Yes, i have noticed, as have we all I imagine on here, that this is true, indeed this type of false dichotomy used to create an argumentum ad ignorantiam fallacy to shift the burden of proof onto atheism, seems to have gained a lot of popularity among apologists. I have seen lane craig use this in a debate with Hitchens, and even after Hitchens who himself went further and claimed he believed no deities exist, explained atheism was not a contrary claim to theism, Lane Craig tried to persist, I can still remember hims saying then you’d be talking about (he mispronounced it exaggerating the A) Ahhhh-theism, and the Hitch smiled and said like ahhh-moral and ahhhh-sexual then? The crowd laughed, and I mean loudly, LC just looked baffled at the laughter.

Obviously they known this puts the burden of proof firmly onto their claim a deity exists. It also means they have thousands of comparable claims for deities they must be claiming don’t exist by the way, since the claim only one exists is also a claim none of the others do, a burden of proof atheism per se does not incur.

I also think the importance they attach to their belief, gives them a blind spot in understanding that i attach no more significance to my lack of belief in deities than I do unicorns, it’s just that no one is trying peddle unicorns along with archaic patriarchal Bedouin morality from the bronze age.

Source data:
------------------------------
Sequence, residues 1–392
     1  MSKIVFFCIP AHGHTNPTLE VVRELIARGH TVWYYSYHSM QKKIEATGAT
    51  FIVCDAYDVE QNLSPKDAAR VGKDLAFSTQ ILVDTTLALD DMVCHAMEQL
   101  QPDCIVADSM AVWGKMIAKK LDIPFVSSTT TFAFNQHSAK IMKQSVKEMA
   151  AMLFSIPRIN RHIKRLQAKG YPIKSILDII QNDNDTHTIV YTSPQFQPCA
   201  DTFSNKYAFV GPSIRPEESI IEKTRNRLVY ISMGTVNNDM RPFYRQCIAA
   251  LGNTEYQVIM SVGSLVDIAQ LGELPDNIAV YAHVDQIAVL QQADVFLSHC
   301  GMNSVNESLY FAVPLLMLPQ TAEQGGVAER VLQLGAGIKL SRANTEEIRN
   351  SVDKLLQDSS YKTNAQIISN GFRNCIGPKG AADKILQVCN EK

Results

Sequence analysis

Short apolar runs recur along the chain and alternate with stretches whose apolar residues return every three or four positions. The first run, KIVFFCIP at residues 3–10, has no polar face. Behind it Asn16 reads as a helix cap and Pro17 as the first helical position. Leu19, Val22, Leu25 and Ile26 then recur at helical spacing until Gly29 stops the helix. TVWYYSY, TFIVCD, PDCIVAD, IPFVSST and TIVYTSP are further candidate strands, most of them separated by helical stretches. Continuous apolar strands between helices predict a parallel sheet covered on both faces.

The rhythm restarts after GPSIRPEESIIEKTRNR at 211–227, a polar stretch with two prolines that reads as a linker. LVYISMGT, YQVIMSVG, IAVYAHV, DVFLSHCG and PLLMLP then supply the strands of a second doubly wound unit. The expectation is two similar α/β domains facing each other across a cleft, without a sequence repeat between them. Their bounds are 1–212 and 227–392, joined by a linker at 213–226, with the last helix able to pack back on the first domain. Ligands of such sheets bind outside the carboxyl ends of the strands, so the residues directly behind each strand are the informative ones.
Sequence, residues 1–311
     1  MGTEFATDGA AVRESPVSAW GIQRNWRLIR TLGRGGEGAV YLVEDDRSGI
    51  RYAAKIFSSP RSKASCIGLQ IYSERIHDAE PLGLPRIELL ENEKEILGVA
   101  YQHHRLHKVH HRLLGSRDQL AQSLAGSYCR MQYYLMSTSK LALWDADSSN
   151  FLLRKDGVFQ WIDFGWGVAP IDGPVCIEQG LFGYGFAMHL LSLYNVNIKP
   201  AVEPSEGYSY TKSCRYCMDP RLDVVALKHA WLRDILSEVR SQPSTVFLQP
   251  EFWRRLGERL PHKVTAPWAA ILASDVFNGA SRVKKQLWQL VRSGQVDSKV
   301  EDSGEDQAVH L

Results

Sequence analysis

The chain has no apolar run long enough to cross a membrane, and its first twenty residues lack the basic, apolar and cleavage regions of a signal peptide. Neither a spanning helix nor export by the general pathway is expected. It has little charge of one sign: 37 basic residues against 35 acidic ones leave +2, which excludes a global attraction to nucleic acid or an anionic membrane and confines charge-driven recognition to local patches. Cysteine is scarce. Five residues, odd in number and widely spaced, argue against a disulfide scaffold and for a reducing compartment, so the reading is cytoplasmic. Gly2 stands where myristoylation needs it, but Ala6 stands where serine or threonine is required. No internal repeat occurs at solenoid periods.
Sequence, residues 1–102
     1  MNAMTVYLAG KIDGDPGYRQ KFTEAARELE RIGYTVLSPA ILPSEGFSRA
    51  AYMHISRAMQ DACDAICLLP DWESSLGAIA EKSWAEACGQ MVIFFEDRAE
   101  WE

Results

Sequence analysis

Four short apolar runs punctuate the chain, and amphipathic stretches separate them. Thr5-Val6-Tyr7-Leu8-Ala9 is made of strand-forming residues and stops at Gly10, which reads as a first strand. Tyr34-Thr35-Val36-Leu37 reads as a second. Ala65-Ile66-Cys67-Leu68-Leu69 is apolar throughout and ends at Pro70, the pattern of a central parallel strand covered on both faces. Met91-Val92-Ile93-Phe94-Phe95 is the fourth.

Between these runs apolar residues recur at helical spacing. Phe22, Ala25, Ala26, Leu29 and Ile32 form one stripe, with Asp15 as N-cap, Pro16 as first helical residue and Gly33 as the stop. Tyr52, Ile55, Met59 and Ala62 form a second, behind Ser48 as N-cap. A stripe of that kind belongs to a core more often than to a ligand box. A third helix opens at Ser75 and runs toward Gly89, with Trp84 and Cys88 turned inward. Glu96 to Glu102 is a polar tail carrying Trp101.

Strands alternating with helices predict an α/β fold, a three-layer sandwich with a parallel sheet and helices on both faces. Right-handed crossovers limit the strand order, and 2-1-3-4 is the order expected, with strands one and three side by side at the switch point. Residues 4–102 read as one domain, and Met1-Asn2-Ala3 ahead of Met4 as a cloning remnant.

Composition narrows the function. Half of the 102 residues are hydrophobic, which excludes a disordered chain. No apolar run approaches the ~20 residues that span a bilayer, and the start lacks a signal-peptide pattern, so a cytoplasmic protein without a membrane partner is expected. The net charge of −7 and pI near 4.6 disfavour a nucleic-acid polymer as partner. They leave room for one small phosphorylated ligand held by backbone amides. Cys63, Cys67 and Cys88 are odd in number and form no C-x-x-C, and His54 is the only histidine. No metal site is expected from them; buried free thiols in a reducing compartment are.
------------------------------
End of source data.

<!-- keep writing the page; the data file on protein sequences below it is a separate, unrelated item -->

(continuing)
That’s a lot of research right there, but if the apologists that come here, and the professional apologists are any bench mark, it is definitely a popular misconception upon most apologists.

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This should give you pause, and make you re-examine your claim that beliefs can only come from beliefs. Also your dismissal of the idea that beliefs are formed when our brains start to store memories, and the evidence I linked to support this idea, which you just waved away.